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Eisenberry v. Shaw Brothers

January 15, 2010

ROBERT EISENBERRY, PLAINTIFF
v.
SHAW BROTHERS, L.L.C.; SHAW BROTHERS DONKEY BALL, L.L.C., TIMOTHY E. SHAW AND KIM M. SKERPON, DEFENDANTS



The opinion of the court was delivered by: Mannion, M.J.

MEMORANDUM AND ORDER*fn1

Pending before the court are: (1) a motion for summary judgment filed on behalf of defendants Shaw Brothers, L.L.C., Shaw Brothers Donkey Ball, L.L.C., and Timothy E. Shaw, ("Shaw defendants"), (Doc. No. 14); and (2) a motion for summary judgment filed on behalf of defendant Kim Skerpon. (Doc. No. 16).

By way of relevant procedural background, on July 15, 2008, the plaintiff filed the instant personal injury action based upon diversity jurisdiction. (Doc. No. 1). An amended complaint was filed on September 17, 2008. (Doc. No. 4). Answers to the amended complaint and cross-claims were filed by defendant Skerpon and the Shaw defendants on October 14, 2008, (Doc. No. 8), and November 17, 2008, (Doc. No. 9), respectively.

On August 12, 2009, a motion for summary judgment was filed on behalf of the Shaw brothers, (Doc. No. 14), along with a statement of material facts and exhibits, (Doc. No. 14), and a supporting brief. (Doc. No. 15).

On August 14, 2009, defendant Skerpon filed her motion for summary judgment, (Doc. No. 16), along with a statement of material facts and exhibits, (Doc. No. 16), and a supporting brief. (Doc. No. 17).

After having been granted a nunc pro tunc extension of time to do so, (Doc. No. 22), on September 25, 2009, the plaintiff filed a brief in opposition to defendant Skerpon's motion for summary judgment, (Doc. No. 26), along with a response to her statement of material facts, (Doc. No. 27), and a response to her motion for summary judgment. (Doc. No. 28). On the same date, the plaintiff filed an answer to the statement of material facts filed by the Shaw defendants, (Doc. No. 29), along with a brief in opposition to their motion for summary judgment, (Doc. No. 30), a response to their motion for summary judgment, (Doc. No. 31), and supporting exhibits. (Doc. No. 32).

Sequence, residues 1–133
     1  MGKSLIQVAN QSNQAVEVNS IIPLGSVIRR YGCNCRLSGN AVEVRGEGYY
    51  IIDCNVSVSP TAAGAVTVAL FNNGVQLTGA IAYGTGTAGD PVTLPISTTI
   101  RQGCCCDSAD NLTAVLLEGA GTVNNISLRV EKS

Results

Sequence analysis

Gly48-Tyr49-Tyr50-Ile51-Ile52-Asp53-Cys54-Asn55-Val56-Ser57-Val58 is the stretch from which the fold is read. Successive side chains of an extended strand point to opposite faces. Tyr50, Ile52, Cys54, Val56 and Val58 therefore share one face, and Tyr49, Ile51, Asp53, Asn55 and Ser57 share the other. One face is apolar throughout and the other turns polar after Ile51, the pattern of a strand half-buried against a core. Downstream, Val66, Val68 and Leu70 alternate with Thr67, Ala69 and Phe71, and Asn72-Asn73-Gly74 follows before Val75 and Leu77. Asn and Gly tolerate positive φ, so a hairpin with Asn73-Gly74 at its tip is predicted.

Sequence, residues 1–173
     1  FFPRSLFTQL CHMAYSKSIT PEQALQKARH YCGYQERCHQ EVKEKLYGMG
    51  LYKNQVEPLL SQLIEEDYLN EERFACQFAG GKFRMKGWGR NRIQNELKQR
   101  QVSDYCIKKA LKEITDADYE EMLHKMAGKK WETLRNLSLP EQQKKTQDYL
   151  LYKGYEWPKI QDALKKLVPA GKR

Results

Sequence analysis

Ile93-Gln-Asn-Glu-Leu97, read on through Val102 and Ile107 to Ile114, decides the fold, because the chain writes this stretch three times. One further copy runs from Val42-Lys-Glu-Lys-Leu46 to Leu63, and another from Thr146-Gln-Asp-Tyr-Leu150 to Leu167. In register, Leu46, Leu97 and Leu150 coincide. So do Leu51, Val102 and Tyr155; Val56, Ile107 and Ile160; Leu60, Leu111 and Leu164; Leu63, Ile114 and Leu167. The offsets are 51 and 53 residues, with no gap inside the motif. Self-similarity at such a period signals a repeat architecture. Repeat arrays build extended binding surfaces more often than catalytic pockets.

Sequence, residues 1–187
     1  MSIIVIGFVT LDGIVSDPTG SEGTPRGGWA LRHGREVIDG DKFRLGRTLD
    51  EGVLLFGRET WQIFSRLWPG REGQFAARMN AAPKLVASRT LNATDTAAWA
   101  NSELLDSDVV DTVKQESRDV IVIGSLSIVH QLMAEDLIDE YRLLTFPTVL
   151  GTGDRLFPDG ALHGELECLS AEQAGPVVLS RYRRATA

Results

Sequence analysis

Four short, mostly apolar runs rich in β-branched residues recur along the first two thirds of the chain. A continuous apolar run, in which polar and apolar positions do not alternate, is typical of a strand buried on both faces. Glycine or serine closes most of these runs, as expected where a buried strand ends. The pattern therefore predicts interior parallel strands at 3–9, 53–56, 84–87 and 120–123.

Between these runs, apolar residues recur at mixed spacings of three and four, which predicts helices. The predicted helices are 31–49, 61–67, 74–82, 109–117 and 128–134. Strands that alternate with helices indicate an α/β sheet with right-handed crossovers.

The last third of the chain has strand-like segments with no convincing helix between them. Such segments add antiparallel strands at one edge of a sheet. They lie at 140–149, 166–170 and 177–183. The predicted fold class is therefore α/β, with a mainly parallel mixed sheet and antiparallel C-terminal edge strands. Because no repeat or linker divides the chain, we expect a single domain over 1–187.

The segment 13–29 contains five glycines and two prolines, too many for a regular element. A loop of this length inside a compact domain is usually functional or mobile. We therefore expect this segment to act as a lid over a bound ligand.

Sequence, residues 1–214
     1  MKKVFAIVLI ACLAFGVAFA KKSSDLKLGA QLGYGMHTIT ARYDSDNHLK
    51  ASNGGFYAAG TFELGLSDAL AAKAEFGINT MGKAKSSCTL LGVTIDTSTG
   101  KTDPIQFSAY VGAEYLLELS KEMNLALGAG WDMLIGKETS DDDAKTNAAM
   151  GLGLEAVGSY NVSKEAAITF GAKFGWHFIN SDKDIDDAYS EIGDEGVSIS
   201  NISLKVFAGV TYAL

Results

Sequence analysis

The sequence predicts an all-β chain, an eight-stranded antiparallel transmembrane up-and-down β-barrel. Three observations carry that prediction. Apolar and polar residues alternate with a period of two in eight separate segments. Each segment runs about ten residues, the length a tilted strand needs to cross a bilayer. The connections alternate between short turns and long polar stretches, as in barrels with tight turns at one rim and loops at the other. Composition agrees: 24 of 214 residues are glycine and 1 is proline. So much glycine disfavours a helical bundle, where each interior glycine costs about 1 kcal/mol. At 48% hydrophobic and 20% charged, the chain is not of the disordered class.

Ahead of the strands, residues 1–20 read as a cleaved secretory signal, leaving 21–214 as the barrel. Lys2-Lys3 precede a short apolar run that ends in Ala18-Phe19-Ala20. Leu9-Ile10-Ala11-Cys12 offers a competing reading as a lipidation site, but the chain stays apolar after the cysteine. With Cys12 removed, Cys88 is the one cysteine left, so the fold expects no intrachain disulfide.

Reply briefs were filed in support of the Shaw defendants' motion for summary judgment, (Doc. No. 35), and defendant Skerpon's motion for summary judgment, (Doc. No. 36), on October 2, 2009. (Doc. No. 35).

Summary judgment is appropriate if the "pleadings, depositions, answers to interrogatories, and admissions on file, together with the affidavits, if any, show that there is no genuine issue as to any material fact and that the moving party is entitled to judgment as a matter of law." Fed.R.Civ.P. 56(c)).

The Supreme Court has stated that:

"... [T]he plain language of Rule 56(c)) mandates the entry of summary judgment, after adequate time for discovery and upon motion, against a party who fails to make a showing sufficient to establish the existence of an element essential to that party's case, and on which that party will bear the burden of proof at trial. In such a situation, there can be 'no genuine issue as to any material fact,' since a complete failure of proof concerning an essential element of the nonmoving party's case necessarily renders all other facts immaterial. The moving party is 'entitled to judgment as a matter of law' because the nonmoving party has failed to make a sufficient showing on an essential element of her case with respect to which she has the burden of proof."

Celotex Corp. v. Catrett, 477 U.S. 317, 323-24 (1986).

The moving party bears the initial responsibility of stating the basis for its motion and identifying those portions of the record which demonstrate the absence of a genuine issue of material fact. Id. The moving party can discharge that burden by "showing... that there is an absence of evidence to support the nonmoving party's case." Id. at 325.

Issues of fact are genuine "only if a reasonably jury, considering the evidence presented, could find for the nonmoving party." Childers v. Joseph, 842 F.2d 689, 693-94 (3d Cir. 1988)(citations omitted). Material facts are those which will effect the outcome of the trial under governing law. Anderson v. Liberty Lobby, Inc., 477 U.S. 242, 248 (1986). The court may not weigh the evidence nor make credibility determinations. Boyle v. County of Allegheny, 139 F.3d 386, 393 (3d Cir. 1998). In determining whether an issue of material fact exists, the court must consider all evidence and inferences drawn therefrom in the light most favorable to the nonmoving party. Id. at 393.

If the moving party meets his initial burden, the opposing party must do more than raise some metaphysical doubt as to material facts, but must show sufficient evidence ...


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